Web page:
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Security Needs Holistic Approach

IS should become business accelerator

By Margo McCall

A more holistic approach to computer security is needed to spur business innovation, make life easier for end users, and respond to tomorrow's rather than yesterday's threats. "We continue to see a lot of dancing across the entire security industry and we still haven't hit our stride," Arthur Coviello, EMC executive vice president and RSA president said during this year's RSA Conference. "When it comes to security impact on business performance, it's clear we haven't hit our stride." 

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Coviello advocated a "thinking security" approach that would help security become a business accelerator rather than an inhibitor. According to recent IDC research, more than 80 percent of technology executives admitted that their organizations have shied away from business opportunities because of security concerns. 

A thinking security approach would also address the knowledge gap that plagues users. "Security is viewed at best as a necessary evil," Coviello said. "Security practitioners are viewed as people preventing the business from doing what the business needs to do." 

Security officers must learn to manage, instead of eliminate, risk. He recommended adopting a strategy of evaluating exposures and the probability of those exposures being exploited and the consequences, then come up with a plan to reduce risk. "That's what the business is looking for so that's what you need to provide them," he said. 

Dealing with today's problems 

Besides being less costly, that type of approach would also prove more effective. "If you focus on security as an end to itself, or as the threat du jour, costs will skyrocket and you will deal with the problems of yesterday," he warned. 

Thinking systems should be autonomous, automated, and able to understand and safeguard data throughout the life cycle. And security professionals should come up with tools that behave as users do rather than forcing people to think the way the tool thinks. 

And rather than being conceived by security professionals, they should be developed in collaboration with practitioners and business executives and be either intuitive or seamless and transparent, he said.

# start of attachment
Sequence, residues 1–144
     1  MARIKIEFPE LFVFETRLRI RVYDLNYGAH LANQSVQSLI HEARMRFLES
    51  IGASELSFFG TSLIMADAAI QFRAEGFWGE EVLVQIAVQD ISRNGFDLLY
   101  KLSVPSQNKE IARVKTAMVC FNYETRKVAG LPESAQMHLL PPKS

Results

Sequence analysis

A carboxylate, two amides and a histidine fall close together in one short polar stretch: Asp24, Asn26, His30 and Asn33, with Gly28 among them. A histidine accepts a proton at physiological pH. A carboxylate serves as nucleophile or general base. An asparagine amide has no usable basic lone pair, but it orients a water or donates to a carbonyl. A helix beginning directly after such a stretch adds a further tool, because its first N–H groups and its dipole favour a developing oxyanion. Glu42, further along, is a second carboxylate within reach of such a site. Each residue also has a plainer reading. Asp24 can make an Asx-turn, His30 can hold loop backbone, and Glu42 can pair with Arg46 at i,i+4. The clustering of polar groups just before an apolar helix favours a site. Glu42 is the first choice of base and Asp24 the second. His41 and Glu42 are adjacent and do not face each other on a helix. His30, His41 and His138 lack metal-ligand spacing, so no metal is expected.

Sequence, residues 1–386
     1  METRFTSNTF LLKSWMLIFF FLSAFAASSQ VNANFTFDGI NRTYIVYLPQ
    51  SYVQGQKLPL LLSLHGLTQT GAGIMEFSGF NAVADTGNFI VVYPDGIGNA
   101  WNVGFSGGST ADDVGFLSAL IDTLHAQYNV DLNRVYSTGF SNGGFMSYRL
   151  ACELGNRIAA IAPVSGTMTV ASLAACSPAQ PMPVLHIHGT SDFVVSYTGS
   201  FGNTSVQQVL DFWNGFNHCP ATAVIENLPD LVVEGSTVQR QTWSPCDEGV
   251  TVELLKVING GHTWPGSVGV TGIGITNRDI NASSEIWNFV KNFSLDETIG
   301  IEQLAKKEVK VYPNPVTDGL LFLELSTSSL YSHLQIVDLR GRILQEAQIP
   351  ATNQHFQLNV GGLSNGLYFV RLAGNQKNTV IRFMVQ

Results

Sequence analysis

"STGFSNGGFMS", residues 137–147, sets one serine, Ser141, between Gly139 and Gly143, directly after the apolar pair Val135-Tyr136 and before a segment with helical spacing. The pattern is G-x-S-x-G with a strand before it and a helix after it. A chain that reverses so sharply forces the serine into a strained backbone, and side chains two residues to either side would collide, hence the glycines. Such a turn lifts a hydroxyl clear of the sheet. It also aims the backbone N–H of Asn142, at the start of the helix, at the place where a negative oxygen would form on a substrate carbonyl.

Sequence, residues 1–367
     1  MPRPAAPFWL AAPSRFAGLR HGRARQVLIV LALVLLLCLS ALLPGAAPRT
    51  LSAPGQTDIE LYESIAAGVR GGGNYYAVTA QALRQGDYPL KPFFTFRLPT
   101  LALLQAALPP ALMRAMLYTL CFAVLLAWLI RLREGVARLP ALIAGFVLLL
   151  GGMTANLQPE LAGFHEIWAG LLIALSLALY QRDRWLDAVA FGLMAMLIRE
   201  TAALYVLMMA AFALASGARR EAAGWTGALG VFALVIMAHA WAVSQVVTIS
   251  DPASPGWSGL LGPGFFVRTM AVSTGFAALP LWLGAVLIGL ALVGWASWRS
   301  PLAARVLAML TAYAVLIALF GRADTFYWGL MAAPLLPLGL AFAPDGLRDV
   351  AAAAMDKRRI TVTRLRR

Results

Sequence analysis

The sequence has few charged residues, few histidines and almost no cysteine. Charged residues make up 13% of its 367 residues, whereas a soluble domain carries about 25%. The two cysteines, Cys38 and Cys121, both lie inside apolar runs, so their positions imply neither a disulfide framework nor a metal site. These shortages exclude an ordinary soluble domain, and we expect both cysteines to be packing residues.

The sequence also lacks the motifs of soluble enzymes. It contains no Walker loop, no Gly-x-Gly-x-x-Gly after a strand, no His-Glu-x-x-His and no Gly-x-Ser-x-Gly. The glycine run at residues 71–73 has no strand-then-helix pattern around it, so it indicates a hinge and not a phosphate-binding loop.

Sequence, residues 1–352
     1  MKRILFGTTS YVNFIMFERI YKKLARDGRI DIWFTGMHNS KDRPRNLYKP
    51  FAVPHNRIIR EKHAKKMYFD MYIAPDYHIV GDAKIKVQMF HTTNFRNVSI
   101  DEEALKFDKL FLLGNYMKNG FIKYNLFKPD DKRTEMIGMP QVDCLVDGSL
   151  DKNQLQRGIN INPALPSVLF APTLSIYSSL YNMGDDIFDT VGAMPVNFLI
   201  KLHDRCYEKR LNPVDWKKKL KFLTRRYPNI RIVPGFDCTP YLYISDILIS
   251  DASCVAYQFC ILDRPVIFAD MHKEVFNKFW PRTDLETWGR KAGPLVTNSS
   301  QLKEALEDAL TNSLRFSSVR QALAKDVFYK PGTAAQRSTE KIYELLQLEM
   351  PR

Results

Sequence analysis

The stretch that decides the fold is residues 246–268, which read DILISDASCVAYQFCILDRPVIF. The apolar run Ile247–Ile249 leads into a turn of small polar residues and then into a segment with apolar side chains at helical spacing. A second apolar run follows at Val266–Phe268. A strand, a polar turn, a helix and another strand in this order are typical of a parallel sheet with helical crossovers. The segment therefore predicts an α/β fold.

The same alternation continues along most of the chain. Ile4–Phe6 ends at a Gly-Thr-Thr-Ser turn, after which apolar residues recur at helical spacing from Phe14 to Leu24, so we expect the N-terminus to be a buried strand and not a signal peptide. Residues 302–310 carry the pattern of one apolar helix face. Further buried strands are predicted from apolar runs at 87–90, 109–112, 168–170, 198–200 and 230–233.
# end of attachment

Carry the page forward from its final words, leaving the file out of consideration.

Laptops biggest security hole 

According to Symantec Chairman and CEO John Thompson, in today's distributed and mobile environment, lost and stolen laptops, BlackBerrries, and thumb drives are responsible for the biggest losses of confidential data. "We need to move quickly to protect information. Too many organizations are leaking information just like a rusty bucket," he said. 

And with a US $200 price tag for each compromised record and more than US $6 million for a breach, not plugging those leaks is a costly prospect. 

Thompson expects whitelisting to become more important if the growth of malicious software continues to outpace the growth of good software. There's also a need to expand beyond the enterprise to make sure consumers are protected. And he predicted that digital rights management for the enterprise will become "a true reality." 

New approach needed 

Thompson called for what he called an "information-centric approach to security," which he described as taking a risk-based approach to protecting confidential information. 

Information-security processes also need to be consistent across the business, and data should be protected whether it's at rest, in motion, or in use. "We need to be able to protect information wherever it may be," he said.

And controlling the mobile environment is crucial. "Some are still focused on protecting the network to keep a given threat at bay. But they're fighting yesterday's threat," he said. 

Craig Mundie, chief research and strategy office at Microsoft, talked about his company's end-to-end trust proposal. "You can't look at one piece. We really need to stitch these things together in one complete way," he said. 

In such an environment, you have to trust not only the operating system, but devices, applications, and people too. Mundie invited security professionals to help develop the strategy. "This end-to-end trust model is the place where we'd like to get people to go to begin the dialogue. We can't do this by ourselves." CW (April 2008)



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